According to the Post, the DC Office of Planning calls on residents to submit negative comments because of the impact on the area where the station is proposed--Mount Vernon Triangle--rather than at Union Station, which was proposed in earlier maglev iterations. From the article:
A maglev station in the Mount Vernon Square area has the potential to change the character of the neighborhood and bring “substantial construction and long-term operational implications on nearby properties,” Andrew Trueblood, director of the D.C. Office of Planning, said in a statement that urged residents and city leaders to engage in the federal review of the multibillion-dollar project.
Um, duh. Any new infrastructure project causes problems while under construction and leads to change. It's rare when the change isn't beneficial (other than road widening).
Comment period open until April 21st.
The comment period is open til April 21st, 2021
and the full document is available at the Federal Railroad Administration website, Baltimore Washington Superconducting Maglev Project
Previous reservations of my own. I haven't been "all in" myself, because of fears of transit balkanization--for example Maryland's Governor is into maglev, but not in investing in Maryland's extant passenger rail system--because it will take so long to build--the projected opening would be 2030 just to get to Baltimore, and likely 10-20 more years to get to New York City, because just being from DC to Baltimore, and expensive--trip fares will be expensive, $60 one way, albeit for a 15 minute trip, it will draw energy away from Amtrak's separate plans to upgrade the Northeast Corridor, and because it will probably be after I am dead before the line reaches New York City.
But an objective approach is required. OTOH, just because I'll be dead by the time Northeast Maglev provides service to New York City or Boston shouldn't mean that we don't take a proper and expansive transportation planning approach to the project.
Plus, it allows us to look at it in multiple dimensions.
(1) push vision and revolutionary practice forward within a particular project
(2) move other related projects forward simultaneously, resulting in greater success overall.
Maglev Advantages. (1) Super Fast. (2) Can serve as a backbone for a wider passenger rail network, which would feed passengers to and from the maglev route. (3) Will link major cities in the Mid-Atlantic, eventually, so will have the power of being a network, not of lines, but of places. (4) Sustainable mode, powered by electricity. Can displace environmentally costly airplane travel over short distances. (5) Mid Atlantic states can generate offshore power cheaply (eventually) and sustainably. (6) Not necessarily limited to existing railroad right of way corridors.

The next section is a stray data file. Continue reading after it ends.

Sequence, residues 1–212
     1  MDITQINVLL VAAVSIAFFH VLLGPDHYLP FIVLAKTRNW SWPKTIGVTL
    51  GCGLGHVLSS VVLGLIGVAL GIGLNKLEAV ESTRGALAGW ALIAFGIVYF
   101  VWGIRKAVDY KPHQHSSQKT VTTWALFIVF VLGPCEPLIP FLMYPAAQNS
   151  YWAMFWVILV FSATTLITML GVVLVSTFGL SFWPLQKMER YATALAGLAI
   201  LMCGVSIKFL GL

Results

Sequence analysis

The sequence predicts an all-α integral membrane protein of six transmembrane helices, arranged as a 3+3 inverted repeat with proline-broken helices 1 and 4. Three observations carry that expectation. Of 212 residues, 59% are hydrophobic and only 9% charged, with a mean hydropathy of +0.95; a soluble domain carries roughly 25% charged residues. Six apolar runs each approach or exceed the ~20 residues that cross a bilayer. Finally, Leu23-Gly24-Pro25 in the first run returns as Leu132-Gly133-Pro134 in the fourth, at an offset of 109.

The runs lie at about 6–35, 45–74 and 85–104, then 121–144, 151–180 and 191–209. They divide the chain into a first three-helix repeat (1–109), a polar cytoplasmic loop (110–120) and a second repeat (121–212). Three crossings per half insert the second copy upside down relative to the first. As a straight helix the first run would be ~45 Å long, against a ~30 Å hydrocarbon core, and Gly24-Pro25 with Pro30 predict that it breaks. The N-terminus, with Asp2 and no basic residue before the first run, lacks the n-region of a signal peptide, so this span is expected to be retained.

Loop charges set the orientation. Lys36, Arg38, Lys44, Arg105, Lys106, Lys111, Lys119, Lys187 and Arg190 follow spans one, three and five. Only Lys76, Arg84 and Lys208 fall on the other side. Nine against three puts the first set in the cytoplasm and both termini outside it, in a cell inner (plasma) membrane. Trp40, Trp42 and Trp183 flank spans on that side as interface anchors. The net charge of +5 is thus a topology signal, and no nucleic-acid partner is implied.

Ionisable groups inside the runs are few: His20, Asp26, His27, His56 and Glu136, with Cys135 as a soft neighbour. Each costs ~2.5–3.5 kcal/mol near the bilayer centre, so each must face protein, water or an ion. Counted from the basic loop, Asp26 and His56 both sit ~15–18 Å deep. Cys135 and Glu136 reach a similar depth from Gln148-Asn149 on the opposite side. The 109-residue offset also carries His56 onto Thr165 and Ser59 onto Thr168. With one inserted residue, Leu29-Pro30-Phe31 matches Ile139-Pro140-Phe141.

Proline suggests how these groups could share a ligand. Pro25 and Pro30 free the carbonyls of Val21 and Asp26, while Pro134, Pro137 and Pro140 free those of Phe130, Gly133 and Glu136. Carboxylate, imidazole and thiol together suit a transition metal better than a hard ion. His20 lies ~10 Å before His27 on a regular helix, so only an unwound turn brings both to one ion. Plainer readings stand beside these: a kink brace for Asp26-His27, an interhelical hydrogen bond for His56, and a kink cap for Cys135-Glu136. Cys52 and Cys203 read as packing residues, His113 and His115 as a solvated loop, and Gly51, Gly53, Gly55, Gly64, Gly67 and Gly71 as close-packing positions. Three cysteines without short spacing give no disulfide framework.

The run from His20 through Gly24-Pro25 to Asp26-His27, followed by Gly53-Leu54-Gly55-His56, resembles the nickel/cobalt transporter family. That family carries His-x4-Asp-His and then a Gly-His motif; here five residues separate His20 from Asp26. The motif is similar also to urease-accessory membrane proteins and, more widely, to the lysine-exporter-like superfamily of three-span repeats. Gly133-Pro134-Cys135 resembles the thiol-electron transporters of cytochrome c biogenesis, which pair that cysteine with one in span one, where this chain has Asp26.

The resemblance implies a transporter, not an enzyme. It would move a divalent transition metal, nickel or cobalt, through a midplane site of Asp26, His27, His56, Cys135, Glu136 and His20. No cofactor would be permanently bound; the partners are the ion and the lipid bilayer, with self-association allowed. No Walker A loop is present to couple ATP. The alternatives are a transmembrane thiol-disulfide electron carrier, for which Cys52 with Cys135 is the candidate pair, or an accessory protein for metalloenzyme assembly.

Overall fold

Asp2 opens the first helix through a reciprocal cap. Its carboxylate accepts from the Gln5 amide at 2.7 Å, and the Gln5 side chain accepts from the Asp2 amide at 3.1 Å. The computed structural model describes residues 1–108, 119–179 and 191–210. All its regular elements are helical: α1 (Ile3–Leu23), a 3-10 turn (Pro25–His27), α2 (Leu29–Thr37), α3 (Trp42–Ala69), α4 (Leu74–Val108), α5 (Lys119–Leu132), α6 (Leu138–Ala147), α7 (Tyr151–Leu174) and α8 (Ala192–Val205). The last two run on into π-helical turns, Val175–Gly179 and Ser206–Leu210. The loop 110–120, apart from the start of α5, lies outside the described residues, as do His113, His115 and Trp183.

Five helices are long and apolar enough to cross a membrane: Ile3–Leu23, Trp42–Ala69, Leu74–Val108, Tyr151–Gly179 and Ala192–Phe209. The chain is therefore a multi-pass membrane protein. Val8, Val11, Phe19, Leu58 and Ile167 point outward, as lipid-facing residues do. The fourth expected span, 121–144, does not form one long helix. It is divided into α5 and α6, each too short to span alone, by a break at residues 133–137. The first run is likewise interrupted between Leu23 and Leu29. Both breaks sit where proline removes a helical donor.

Maglev Disadvantages. (1) Expensive to build. (2) Expensive to ride. (3) Difficult to acquire right of way. (4) Most states have weak existing passenger rail networks, which need to function in part as a feeder network to maglev. (5) Current plans for service are limited, from DC to Baltimore initially, and eventually to Philadelphia and New York City. (6) At this time there aren't plans to extend northward to Boston or south to Richmond. (7) New maglev stations aren't necessarily part of the existing rail network, requiring new transit and railroad connections to fully leverage the addition of the maglev service within the existing network of transit services.
New infrastructure as a way to drive complementary improvements across a transit network. In terms of transportation infrastructure, a few years ago I made the point that we should use new transit infrastructure projects to simultaneously drive complementary improvements across the overall transit network, so that the new infrastructure is wildly successful from the outset, and in turn increases overall transit ridership across the system.
I've written about this conceptually in terms of the Purple Line light rail in Suburban Maryland, the Silver Line addition to the DC area Metrorail system, Maryland's passenger rail system, what could be done with the Blue Line Metrorail, and leveraging the new Amazon HQ2 in Arlington County, Virginia for new transit connectivity.
Second would be how can DC benefit economically from leveraging Maglev service with a station in Downtown DC. After all, it competes with Arlington County, Alexandria, Fairfax County, and various centers in Montgomery County as a location for business activity, high profile headquarters projects, research centers, nonprofits, etc.
For example, I've written about how the Maglev, being underground in DC, could be a way to push forward the c. 2005 concept to underground regional through motor vehicle traffic for New York Avenue, which functions the connection for I-95 between Maryland and Virginia.
It doesn't surprise me that DC sees the Maglev as a threat, because (1) the city isn't particularly visionary any more when it comes to planning, (2) Maglev is promoted by Maryland's Republican Governor ("Hogan calls maglev ride 'incredible,' says state will seek $28 million grant to study
," Baltimore Sun
), (3) at the expense of more traditional and existing transit--subway, train, and bus services, (4) a railroad station in Mount Vernon Triangle would compete with Union Station as the city's premier railroad station, (5) for which there is tremendous expansion already planned ("Pressure mounts on federal agency over Union Station redevelopment. Critics say plan is too focused on cars
," Washington Post
This is key in broadening the local economy, in particular DC's economy, beyond dependence on the federal government.
But stations driving economic development for city centers is not a new phenomenon. One of the best examples in the US is the office district around Grand Central Station in New York City. But the power of railroad station related development extends even to small stations.